A noisy crow with black and white plumage, the Magpie (Pica pica) is instantly recognisable. When viewed up close, these birds appear to be quite colourful as their black feathers exhibit an iridescent sheen and there’s a green tint to their distinctive long tails. Magpies are 44-48cm in length and boast wingspans of up to 56cm.
Magpies are perhaps best known for their habit of collecting objects to decorate their nests. They have been accused of reducing songbird populations as, like all crows, they will take eggs and young birds from nests. However, research has shown that their presence has no impact on the populations of songbirds. Magpies are somewhat arrogant birds which are scavengers and predators. In consequence, they are not the most popular species, but they do control pests and can be fascinating to watch. These birds can be seen in many habitats from grassland and heathland to suburbia.
What is the magpie’s distribution and population?
Magpies were extremely common throughout the UK until the middle of the 19th century. They were very popular with farmers as they ate the insects and rodents which could destroy crops. However, their population was then severely reduced due to persecution by gamekeepers. Once they were protected by law, their numbers began to rise and trebled between 1970 and 1990. Since then, the population of magpies has remained stable at around 600,000 breeding pairs. The birds are present throughout England, Wales and Northern Ireland. They can be seen in Scotland but are absent from the highlands where food sources are scarce, and temperatures are much lower in winter.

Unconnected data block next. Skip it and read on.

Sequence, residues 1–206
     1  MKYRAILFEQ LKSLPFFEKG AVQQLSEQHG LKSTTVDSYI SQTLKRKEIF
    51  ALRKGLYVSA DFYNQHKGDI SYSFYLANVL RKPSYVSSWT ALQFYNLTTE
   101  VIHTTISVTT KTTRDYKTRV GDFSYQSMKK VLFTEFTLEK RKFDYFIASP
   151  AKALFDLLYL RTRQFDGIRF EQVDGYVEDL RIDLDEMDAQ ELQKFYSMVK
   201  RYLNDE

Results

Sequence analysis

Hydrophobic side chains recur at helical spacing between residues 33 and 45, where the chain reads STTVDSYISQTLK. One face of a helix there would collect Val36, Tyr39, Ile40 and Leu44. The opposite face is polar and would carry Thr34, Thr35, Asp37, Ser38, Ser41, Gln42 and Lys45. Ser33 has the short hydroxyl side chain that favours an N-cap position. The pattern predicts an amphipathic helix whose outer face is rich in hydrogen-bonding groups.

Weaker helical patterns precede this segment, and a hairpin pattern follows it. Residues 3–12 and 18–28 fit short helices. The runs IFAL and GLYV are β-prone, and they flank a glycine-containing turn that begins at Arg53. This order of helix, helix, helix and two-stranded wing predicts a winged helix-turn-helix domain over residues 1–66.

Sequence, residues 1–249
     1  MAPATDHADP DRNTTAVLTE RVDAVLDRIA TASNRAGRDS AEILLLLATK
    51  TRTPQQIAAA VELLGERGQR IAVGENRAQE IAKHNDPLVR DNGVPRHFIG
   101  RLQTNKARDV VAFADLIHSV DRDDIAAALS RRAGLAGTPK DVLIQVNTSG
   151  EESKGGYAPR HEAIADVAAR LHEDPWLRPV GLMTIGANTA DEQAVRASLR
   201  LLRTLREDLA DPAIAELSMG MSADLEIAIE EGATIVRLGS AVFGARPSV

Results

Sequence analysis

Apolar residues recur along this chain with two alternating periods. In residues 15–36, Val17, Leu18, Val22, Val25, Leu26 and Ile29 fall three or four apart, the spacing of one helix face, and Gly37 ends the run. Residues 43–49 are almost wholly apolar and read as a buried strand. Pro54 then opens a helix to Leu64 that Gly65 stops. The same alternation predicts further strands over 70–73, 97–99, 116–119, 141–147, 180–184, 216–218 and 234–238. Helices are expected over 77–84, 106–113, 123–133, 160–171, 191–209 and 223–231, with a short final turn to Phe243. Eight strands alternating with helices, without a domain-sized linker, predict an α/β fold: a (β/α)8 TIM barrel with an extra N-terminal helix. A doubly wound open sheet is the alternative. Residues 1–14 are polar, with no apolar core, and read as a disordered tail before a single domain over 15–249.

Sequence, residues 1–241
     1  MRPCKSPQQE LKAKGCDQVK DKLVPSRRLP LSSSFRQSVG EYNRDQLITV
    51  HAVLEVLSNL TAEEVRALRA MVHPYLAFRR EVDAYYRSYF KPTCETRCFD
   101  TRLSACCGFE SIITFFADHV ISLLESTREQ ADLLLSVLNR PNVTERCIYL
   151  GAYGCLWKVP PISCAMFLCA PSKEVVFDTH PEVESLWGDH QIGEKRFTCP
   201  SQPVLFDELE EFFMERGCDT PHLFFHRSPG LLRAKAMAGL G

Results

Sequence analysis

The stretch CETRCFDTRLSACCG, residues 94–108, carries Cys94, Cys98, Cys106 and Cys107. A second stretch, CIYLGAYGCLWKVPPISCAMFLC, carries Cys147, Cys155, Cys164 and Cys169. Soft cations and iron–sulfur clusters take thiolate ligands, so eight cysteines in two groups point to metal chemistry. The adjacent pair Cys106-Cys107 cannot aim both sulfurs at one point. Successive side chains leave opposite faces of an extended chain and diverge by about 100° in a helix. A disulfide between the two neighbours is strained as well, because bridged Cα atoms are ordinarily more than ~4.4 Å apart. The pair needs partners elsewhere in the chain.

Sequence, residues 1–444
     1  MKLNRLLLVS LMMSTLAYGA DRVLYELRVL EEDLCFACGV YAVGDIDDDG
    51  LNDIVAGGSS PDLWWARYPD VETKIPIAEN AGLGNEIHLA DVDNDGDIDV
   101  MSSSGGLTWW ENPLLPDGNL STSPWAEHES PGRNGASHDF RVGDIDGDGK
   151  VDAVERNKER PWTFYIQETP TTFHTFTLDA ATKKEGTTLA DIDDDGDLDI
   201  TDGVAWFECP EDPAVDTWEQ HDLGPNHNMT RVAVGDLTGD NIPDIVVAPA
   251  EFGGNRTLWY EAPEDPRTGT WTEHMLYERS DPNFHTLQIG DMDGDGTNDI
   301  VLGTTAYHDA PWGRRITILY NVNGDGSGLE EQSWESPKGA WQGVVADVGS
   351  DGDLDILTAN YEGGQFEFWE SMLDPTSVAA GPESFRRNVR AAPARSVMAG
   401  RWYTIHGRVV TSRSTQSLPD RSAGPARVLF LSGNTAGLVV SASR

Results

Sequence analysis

What do magpies eat?
Magpies are omnivores. Their summer diet consists of invertebrates including beetles, flies, caterpillars, spiders and worms. In winter, these birds favour plant material such as berries, grains, discarded food scraps and bird food placed on bird tables. They will eat carrion throughout the year and will hunt small birds and mammals. During the breeding season, they will take eggs and chicks from nests. Magpies are opportunists and so thrive in the urban environment where there are diverse food sources to exploit. If they gather excess food, they will make small holes in the ground in which to hoard the surplus.
Where do magpies nest?
A breeding pair of Magpies will hold a territory of up to five hectares year-round. Good nesting sites can be limited and so up to 60% of magpies in any area will not breed. Breeding pairs build large nests which are domed and lined with a variety of materials. Their preferred nesting sites are thorny bushes or tall trees. In towns and cities, magpies will often choose to nest close to people as this protects their eggs and young from other crows. They are happy to use artificial nesting sites including gutters and eaves. Females lay six egg on average which they will incubate for 18-19 days. The young fledge after 4 weeks.
Did you know?
It is said that Magpies didn’t mourn with the other birds during Christ’s crucifixion. Magpies are intelligent birds which can recognise themselves in mirrors. Lone magpies are considered to be harbingers of bad luck.